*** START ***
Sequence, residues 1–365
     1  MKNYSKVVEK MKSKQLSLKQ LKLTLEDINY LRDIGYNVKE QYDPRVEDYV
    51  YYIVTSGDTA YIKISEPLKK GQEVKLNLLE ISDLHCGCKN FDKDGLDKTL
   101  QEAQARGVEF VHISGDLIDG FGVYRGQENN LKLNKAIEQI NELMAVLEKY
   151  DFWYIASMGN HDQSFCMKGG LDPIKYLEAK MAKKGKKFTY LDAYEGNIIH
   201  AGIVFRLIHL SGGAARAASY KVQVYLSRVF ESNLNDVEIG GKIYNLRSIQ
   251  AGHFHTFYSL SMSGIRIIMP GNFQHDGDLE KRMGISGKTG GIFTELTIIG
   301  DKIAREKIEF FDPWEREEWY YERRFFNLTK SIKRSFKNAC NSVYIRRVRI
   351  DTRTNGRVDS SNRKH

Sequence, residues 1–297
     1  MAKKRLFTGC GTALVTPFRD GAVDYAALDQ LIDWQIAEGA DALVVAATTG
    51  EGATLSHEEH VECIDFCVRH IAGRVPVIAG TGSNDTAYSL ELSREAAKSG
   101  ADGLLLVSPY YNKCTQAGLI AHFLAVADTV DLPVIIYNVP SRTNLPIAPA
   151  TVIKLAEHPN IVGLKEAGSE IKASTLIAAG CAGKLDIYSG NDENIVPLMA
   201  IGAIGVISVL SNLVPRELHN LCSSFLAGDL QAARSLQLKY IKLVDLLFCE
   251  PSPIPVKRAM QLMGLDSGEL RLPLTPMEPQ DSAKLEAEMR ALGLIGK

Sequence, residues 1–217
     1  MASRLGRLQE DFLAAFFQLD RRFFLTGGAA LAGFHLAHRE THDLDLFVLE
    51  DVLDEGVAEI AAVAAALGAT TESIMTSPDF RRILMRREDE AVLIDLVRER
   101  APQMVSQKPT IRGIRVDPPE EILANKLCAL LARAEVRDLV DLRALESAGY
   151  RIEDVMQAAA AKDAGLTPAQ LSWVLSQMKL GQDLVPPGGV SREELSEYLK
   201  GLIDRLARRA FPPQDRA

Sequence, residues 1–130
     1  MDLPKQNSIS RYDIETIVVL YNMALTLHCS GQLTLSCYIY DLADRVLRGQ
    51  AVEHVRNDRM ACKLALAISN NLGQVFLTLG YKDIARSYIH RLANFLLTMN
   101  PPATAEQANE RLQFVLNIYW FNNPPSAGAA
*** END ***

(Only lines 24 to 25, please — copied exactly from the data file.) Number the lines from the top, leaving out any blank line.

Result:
     1  MDLPKQNSIS RYDIETIVVL YNMALTLHCS GQLTLSCYIY DLADRVLRGQ
    51  AVEHVRNDRM ACKLALAISN NLGQVFLTLG YKDIARSYIH RLANFLLTMN